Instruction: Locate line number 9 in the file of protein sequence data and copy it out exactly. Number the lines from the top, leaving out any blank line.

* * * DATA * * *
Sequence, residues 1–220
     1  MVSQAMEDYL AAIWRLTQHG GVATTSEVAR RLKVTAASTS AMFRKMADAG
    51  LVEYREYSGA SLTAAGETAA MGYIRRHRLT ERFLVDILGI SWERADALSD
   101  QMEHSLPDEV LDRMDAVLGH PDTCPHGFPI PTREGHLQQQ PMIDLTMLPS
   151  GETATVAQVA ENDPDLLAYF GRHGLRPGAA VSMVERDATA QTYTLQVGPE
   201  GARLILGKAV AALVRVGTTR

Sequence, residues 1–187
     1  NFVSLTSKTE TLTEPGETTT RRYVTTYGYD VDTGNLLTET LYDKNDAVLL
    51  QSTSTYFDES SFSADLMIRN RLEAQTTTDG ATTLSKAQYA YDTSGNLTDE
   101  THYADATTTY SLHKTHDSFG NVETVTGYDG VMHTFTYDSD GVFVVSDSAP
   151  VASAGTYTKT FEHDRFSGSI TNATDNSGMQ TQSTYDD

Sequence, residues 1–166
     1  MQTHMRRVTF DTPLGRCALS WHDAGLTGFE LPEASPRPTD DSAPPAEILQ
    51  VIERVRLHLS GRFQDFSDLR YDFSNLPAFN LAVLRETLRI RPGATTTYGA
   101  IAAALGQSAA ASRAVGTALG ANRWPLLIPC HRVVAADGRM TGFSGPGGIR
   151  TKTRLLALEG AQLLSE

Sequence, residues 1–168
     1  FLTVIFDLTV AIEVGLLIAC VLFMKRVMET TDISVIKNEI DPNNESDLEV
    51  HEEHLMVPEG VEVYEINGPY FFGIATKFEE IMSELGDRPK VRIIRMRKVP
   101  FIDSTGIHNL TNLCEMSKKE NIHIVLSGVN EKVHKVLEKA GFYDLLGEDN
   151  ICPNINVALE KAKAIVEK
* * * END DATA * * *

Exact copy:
    51  QSTSTYFDES SFSADLMIRN RLEAQTTTDG ATTLSKAQYA YDTSGNLTDE